Hey Kids, Eat a Heart-Healthy Diet

Updated:Aug 8,2014

Eat a heart-healthy dietBy now you’re aiming to get 60 minutes of activity every day, right? Awesome! Now let’s learn another important step to a healthy heart.

Eating healthy foods is one of the most important ways to keep your heart working at its best. Choose foods that help you keep your heart — and the rest of your body — in top shape.

Keep your weight in balance by matching the amount of energy you put in (the calories you eat and drink) with the amount of energy you put out or need for the activities you do each day.

What can you do to eat heart healthy?

Look for foods and drinks that are good for your heart. They should be low in salt and added sugars, and limited in the types of fat that harm your heart. If you eat calories from foods that have unhealthy fats (saturated and trans fats) or foods that are high in added sugars and sodium, you could be hurting your heart.

Learn to read Nutrition Facts labels. A serving is the amount of food or beverage the label describes. You should usually eat ONE serving during a single meal or snack. The label will also tell you how many servings are in the package. If the label says there are two servings in the package, eat half or share it with a friend.

Limit foods that have high amounts of certain nutrients. If the label says the food has lots of unhealthy fats (like saturated and trans fats) try a healthier option. Limit foods that are high in sodium and sugar, or are higher in calories than similar foods or beverages. Compare labels on different foods to find the best option.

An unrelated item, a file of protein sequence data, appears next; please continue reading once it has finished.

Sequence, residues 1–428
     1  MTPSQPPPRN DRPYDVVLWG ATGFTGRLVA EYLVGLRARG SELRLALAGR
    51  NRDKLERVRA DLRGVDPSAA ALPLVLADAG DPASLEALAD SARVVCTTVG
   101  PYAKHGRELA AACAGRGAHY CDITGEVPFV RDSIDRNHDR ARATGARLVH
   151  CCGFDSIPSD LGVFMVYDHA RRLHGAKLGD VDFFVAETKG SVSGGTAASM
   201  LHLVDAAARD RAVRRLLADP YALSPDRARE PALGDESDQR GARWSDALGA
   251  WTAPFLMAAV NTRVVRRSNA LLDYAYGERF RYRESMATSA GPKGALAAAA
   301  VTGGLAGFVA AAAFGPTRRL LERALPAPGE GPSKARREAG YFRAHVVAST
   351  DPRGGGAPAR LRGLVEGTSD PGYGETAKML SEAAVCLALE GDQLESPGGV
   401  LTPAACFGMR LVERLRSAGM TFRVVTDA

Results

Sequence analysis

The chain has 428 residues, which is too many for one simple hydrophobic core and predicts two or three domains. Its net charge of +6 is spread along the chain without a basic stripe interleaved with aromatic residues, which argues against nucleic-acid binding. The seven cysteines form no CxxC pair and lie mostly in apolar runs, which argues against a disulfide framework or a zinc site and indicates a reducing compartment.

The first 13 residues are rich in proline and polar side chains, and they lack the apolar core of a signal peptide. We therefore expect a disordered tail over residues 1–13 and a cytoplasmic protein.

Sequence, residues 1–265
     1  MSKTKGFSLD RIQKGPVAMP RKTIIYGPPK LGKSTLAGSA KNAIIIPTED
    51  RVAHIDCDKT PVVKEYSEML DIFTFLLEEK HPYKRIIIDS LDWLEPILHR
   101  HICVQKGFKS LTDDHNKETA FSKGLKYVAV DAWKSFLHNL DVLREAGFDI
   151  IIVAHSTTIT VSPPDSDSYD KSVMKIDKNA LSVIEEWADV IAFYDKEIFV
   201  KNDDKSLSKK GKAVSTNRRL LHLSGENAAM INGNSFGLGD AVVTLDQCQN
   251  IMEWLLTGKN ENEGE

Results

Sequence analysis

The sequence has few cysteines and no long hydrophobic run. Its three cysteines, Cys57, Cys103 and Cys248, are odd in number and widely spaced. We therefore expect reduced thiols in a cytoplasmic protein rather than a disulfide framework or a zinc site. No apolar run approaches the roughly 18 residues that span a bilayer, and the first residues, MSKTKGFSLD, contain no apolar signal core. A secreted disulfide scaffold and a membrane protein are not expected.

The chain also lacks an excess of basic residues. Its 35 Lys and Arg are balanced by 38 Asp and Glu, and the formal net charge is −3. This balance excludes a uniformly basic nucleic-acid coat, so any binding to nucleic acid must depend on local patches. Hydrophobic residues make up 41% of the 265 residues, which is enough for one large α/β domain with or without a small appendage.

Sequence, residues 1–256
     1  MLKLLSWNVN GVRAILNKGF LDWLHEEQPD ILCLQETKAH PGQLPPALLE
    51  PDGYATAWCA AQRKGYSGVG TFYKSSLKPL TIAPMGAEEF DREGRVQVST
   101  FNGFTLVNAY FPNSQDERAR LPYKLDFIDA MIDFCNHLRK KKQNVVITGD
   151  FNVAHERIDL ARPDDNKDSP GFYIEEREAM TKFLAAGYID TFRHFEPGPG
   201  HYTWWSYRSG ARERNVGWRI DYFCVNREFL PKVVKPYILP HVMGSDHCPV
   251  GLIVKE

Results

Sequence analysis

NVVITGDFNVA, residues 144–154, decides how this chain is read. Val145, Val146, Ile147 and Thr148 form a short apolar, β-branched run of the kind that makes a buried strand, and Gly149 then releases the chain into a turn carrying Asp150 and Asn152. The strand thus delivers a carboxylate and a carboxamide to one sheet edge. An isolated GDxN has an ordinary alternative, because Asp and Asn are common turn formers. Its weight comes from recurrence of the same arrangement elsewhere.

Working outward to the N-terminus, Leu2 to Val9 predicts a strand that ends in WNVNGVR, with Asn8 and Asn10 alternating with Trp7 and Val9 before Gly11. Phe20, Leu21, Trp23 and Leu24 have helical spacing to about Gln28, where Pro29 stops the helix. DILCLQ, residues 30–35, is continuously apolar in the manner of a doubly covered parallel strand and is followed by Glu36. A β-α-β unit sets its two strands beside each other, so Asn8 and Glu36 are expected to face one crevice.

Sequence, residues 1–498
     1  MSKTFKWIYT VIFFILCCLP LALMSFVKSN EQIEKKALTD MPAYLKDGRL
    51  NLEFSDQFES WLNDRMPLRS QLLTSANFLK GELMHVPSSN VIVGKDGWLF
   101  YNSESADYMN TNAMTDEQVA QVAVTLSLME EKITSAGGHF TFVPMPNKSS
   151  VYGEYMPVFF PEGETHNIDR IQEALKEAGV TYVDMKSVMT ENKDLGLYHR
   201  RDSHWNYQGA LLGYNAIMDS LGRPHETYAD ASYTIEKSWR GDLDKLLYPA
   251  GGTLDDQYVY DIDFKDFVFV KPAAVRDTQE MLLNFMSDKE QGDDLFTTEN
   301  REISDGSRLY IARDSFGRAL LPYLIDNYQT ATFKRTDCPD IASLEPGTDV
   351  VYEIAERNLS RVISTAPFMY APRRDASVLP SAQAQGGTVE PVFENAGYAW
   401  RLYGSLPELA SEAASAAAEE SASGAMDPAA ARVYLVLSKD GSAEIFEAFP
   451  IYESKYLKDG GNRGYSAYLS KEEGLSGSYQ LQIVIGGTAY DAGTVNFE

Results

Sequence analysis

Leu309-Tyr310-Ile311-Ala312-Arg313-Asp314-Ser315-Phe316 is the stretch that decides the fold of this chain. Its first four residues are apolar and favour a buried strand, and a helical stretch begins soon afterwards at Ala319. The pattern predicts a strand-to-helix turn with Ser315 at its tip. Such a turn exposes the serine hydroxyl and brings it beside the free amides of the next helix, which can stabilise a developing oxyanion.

Here’s a quick list of healthy eating tips. Go over this list with your parent or another trusted adult to see if they’ll help support your plans to eat healthier. Together, you can adapt the list to your cultural or food preferences.
  1. Eat plenty of fruits and vegetables.
  2. Choose whole-grain foods which can be a good source of dietary fiber.
  3. Eat fish, especially oily fish (for example salmon, trout, herring), at least twice a week.
  4. Limit your intake of saturated and trans fats.
  5. Limit the amount of red meat you eat and choose lean meats and poultry. There are also many meat-free alternatives to get protein.
  6. Select fat-free (skim), 1%-fat and low-fat dairy products.
  7. Limit your intake of beverages and foods with added sugars.
  8. Learn about sodium and the common foods that have too much of it.
  9. If you want to snack, go nuts! A serving size is a small handful or 1.5 ounces of whole nuts or 2 tablespoons of nut butter.
  10. Drink water instead of sugary drinks.

Keep track of what you eat.

Write down everything you eat and drink for a few days. You can spot your good habits (such as eating three daily meals, choosing healthy snacks, and eating plenty of fruits and vegetables) and your bad habits (such as snacking all day and drinking too many sugary drinks).

Use this food diary.

The following tips and questions can get you on your way to healthier eating:
  1. Ask your parent or guardian if you can help make the grocery list and go shopping.
  2. Invite a friend over and prepare a healthy meal together.
  3. What is one unhealthy eating habit you can swap for a healthy habit? 
Learn more:

Last reviewed 8/2014

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